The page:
Poems, and fancies written by the Right Honourable, the Lady Margaret Newcastle.

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Poems, and fancies written by the Right Honourable, the Lady Margaret Newcastle.
Newcastle, Margaret Cavendish, Duchess of, 1624?-1674.
London :: Printed by T.R. for J. Martin, and J. Allestrye,

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"Poems, and fancies written by the Right Honourable, the Lady Margaret Newcastle." In the digital collection Early English Books Online. https://name.umdl.umich.edu/A53061.0001.001. University of Michigan Library Digital Collections. Accessed June 17, 2024.


The Pastime, and Recreation of the Queen of Fairies in Fairy-land, the Center of the Earth.

WHere this Queen Mab, and all her Fairy fry, Are dancing on a pleasant mole-bill high; With fine small stram-pipes sweet Musicks pleasure, By which they do keep just time and measure. All hand in hand, a round, a round, They dance upon this Fairy ground. And when the Queen leaves off to dance, She calls for all her Attendants, Her to wait on unto a Bower, Where she doth sit under a flower, To shade her from the Moon-shine bright, Where Gnats do sing for her delight. Some high, some low, some Tenour strain, Making a Consort very plain. The whilst the Bat doth flye about, To keep in order all the rout; And with her wings she strikes them hard, Because no noise there should be heard. She on a dewy leafe doth bathe, And as she sits, the lease doth wave. There, like a new-fallen flake of snow, Doth her white limbes in beauty shew. Her garments faire her maid, put on, Made of the pure light from the Sun; From whence such colours she inshades, In every object she invades. Then to her dinner she goes stroight, Where every one in order wait; And on a Mushroom there is 〈◊〉〈◊〉 A cover fine of Spiders web. And for her stood a Thistle-down, And for her cup an Acorns crown; Wherein strong Nectar there is fill'd,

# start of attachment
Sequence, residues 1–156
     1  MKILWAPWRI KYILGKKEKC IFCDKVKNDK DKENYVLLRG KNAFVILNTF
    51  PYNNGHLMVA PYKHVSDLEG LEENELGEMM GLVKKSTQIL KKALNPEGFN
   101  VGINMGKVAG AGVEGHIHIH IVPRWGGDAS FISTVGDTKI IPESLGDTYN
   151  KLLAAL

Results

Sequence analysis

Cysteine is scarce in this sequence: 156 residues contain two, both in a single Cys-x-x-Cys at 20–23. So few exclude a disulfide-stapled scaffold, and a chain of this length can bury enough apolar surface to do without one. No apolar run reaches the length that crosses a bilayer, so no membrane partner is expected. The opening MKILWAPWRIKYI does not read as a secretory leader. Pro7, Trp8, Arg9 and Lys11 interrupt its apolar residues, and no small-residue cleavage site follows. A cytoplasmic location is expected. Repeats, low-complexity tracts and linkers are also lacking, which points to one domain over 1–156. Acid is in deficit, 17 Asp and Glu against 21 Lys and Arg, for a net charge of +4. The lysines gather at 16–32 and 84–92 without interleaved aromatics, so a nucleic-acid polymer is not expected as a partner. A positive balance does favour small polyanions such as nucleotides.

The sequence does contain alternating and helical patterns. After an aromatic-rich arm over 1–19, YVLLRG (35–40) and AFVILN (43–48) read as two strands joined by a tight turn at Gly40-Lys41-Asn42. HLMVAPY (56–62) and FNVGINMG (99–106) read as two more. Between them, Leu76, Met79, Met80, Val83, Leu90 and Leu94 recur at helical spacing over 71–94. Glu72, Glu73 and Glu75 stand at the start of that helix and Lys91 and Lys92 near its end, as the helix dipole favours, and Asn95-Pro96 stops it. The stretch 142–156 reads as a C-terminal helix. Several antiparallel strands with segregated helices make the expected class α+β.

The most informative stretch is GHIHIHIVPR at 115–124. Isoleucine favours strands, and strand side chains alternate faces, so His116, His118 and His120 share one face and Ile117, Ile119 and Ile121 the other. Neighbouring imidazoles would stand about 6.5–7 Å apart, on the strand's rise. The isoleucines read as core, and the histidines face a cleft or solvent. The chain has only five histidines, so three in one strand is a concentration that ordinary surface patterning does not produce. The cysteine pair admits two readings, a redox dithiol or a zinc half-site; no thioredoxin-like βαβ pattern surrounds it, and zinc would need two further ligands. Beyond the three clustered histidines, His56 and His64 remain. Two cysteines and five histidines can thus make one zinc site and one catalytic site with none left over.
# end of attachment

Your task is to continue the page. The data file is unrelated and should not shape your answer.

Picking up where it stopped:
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That from sweet flowers is distill'd. Flyes of all sorts both fat, and good, Partridge, Snipes, Quailes, and Poult, her food. 〈◊〉〈◊〉, Larks, Cocks, or any kinde, Both wilde, and tame, you may there finde. Amelets made of Ants-egs new, Of these high meats she eats but few. Her milk comes from the Dormouse udder, Making fresh Cheese, Creame, and Butter. This milk doth make many a fine knack, When they fresh Ants-egs therein crack. Both Pudding, Custards, and Seed-cake, As her skill'd Cook knows how to make. To sweeten them, the 〈◊〉〈◊〉 doth bring Pure honey, gathered by her sting: But for her guard serves grosser meat, On stall-fed Dormouse they do cat. When din'd, she calls to take the aire, In Coach, which is a Nutshel faire: Lin'd soft it is, and rich within, Made of a glistering Adders skin. And there six Crickets draw her fast, And she a journey takes in haste; Or else two serves to pase a round, And trample on the Fairy ground. To hawke sometimes she takes delight, Which is a Hornet swift for flight; Whose horns do serve for Talons strong, To gripe the Partridge Flye among. But if she will a hunting go, Then she the Lizzard makes the Doe. They are so swift, and fleet in chase, As her slow Coach can never pase. Then on Grashopper doth she ride, Who gallops far in forrest wide. Her Bow is of a willow branch, To shoot the Lizzard on the haunch. Her arrow sharp, much like a blade Of a Rosemary leafe is made.

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Then home shee's called by the Cock, Who gives her warning what's a Clock. And when the Moon doth hide her head, Their day is done, so goeth to bed. Meteors do serve, when they are bright, As Torches do, to give her light. Glow-worms for candles are light up, Set on her table, while she sup. And in her chamber they are plac'd, Not fearing how the Tallow wast. But women, that inconstant are by kind, Can never in one place content their mind. For she her Charriot cals, and will away, To upper Earth, impatient is of stay.
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